National Atomic Testing Museum, Las Vegas

In the 1950s, the US Army fell in love with nuclear weapons, and began building them by the hundreds. Each new design feature had to be tested, and to do that, the US selected a patch of desert not very far from Las Vegas (it was not uncommon to see mushroom clouds from the casinos at the Vegas Strip. Today, the National Atomic Testing Museum in Vegas displays some artifacts from the Nevada Test Site.

Here are some photos from a visit.

P1320567

The museum

P1320614

Inside the museum

P1320576

One of the graphite bricks used to make the first nuclear reactor, for the Manhattan Project, in Chicago

P1320581

A safety glass used during the Trinity atomic bomb test

P1320586

Civil Defense manuals from the 1950s and 1960s

P1320587

A comic-book version for the kids

P1320583

Genie nuclear air-to-air missile

P1320657

B-53 thermonuclear bomb

P1320589

B-61 nuclear bomb

P1320595

My hand to show scale

P1320602

“Davy Crockett” nuclear rocket-propelled grenade. Yes, seriously.

P1320603

My hand to show scale

P1320608

W-48 nuclear artillery shell. It had a yield about the same as the Hiroshima bomb.

P1320633

Equipment used to observe nuclear explosions, known as KITE.

P1320635

Another piece of test equipment, known as FOAM.

P1320669

High-speed camera used to record atomic tests

P1320678

Fish-eye camera used to record underground nuclear tests

P1320679

The Krakatau equipment used to test modern weapons without an explosion

P1320641

Phoebus, an experimental rocket engine powered by a nuclear reactor

P1320647

Portable equipment carried by NEST (Nuclear Emergency Search Teams). Designed to look for hidden terrorist nukes, it was also used to find crash-landed nuclear-powered satellites.

P1320654

A collection of geiger counters and dosimeters

Advertisements

5 thoughts on “National Atomic Testing Museum, Las Vegas

  1. I’ve been to Area 61, but did not see this museum. Then I checked on the date it was established and found it was after I last visited Las Vegas. Thanks for sharing the information.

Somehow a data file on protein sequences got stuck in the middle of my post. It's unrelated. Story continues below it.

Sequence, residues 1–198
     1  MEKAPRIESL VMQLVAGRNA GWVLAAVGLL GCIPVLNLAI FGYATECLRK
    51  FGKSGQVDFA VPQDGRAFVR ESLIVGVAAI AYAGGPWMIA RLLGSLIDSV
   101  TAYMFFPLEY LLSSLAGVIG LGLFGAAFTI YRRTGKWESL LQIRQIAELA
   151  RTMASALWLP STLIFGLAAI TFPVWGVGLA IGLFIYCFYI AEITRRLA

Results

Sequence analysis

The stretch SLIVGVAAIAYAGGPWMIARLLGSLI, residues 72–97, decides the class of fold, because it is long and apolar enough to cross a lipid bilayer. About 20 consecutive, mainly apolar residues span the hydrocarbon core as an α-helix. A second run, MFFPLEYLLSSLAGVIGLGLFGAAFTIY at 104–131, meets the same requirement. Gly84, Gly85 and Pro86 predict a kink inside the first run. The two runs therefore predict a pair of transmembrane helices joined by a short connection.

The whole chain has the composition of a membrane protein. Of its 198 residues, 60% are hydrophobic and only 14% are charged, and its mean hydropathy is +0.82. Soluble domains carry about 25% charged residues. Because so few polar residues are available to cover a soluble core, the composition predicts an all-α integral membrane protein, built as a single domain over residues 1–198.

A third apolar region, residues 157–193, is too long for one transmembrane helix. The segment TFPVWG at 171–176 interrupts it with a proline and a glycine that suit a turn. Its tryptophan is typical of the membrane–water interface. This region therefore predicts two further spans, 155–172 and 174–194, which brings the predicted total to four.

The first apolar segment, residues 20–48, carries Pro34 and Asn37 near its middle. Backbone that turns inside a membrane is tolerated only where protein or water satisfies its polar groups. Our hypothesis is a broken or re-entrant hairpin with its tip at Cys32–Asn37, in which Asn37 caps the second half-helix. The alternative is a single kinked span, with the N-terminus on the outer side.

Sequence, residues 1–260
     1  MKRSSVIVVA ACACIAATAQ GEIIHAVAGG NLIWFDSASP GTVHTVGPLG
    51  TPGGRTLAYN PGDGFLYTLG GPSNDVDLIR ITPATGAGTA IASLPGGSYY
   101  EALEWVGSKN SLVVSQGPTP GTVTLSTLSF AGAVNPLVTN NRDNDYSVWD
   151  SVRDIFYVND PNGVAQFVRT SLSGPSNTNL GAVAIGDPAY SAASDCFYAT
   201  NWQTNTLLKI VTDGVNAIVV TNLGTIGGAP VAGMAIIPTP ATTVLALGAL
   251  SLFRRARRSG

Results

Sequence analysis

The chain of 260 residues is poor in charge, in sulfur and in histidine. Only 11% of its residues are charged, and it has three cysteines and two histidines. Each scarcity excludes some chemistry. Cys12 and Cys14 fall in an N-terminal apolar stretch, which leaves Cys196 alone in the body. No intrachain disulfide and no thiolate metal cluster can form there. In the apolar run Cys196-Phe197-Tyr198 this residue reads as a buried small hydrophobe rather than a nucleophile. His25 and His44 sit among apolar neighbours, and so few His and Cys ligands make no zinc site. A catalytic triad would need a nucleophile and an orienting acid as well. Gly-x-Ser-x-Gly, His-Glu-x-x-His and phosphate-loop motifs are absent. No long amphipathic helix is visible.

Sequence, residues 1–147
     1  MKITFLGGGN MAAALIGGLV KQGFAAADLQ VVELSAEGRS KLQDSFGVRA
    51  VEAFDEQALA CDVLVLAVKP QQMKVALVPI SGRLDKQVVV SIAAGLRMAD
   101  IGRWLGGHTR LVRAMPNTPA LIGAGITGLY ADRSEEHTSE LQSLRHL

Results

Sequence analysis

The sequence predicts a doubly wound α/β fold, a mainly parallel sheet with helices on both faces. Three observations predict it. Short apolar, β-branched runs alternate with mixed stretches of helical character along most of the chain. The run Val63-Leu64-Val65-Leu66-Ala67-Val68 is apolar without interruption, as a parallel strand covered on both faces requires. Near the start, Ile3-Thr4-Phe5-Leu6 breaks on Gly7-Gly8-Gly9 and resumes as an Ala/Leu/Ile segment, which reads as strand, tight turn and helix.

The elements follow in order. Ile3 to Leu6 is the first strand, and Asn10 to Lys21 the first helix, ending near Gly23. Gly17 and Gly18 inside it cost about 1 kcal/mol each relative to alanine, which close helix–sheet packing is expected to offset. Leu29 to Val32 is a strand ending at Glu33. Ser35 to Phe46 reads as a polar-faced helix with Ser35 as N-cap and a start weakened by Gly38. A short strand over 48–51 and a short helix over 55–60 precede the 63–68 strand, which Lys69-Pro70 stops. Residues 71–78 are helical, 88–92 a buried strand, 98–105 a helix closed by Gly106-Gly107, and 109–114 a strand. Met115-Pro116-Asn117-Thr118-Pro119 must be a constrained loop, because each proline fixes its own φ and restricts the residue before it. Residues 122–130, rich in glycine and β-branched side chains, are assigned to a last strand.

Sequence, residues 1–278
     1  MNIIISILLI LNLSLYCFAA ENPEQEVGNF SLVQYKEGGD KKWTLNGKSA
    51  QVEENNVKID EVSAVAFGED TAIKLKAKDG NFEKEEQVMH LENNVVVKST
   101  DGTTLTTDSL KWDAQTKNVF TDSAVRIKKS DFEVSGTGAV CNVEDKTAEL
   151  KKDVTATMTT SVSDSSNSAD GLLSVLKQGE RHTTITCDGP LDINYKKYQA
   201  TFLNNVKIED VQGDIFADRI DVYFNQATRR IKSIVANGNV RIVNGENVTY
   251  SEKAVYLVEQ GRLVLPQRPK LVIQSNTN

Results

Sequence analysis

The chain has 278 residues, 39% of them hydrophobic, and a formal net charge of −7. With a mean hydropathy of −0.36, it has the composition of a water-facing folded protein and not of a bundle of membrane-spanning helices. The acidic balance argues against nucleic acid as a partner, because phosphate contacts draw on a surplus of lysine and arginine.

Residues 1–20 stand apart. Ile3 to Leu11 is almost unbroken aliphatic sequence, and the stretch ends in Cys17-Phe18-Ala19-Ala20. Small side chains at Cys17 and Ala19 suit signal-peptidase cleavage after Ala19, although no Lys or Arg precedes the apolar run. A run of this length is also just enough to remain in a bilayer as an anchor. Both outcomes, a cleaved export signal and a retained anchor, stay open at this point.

2. Eerie, fascinating, terrifying, chilling, all at once.

    I read a quote from one of the “downwinders” who was dying of cancer, but had outlived Eisenhower, in the early 1970’s: “That dumb old Army president — I’d like to dig him up and kick him in the head.”

  3. The Trinity Test Site is open the first Saturday in October, and if all goes well i should be in Alamogordo at the time. So hopefully I’ll be able to visit.

  4. This is the first time I’ve been in an actual desert, and it got up to 105F here yesterday. Wow. In Florida it has never reached 100 degrees (the highest temp I can recall was 96, and that broke all sorts of records), but of course the humidity there is always 90-95%. Here, the air is so dry that it just sucks the moisture right out of ya–I’ve taken to carrying TWO water bottles with me. Jeebus. I can definitely see how someone lost in the surrounding desert would not last very long.

  5. Be careful then if you head to Death Valley where temperature was 124 on their thermometer when I last visited. You can’t live in the desert without water.

Leave a Reply

Fill in your details below or click an icon to log in:

WordPress.com Logo

You are commenting using your WordPress.com account. Log Out / Change )

Twitter picture

You are commenting using your Twitter account. Log Out / Change )

Facebook photo

You are commenting using your Facebook account. Log Out / Change )

Google+ photo

You are commenting using your Google+ account. Log Out / Change )

Connecting to %s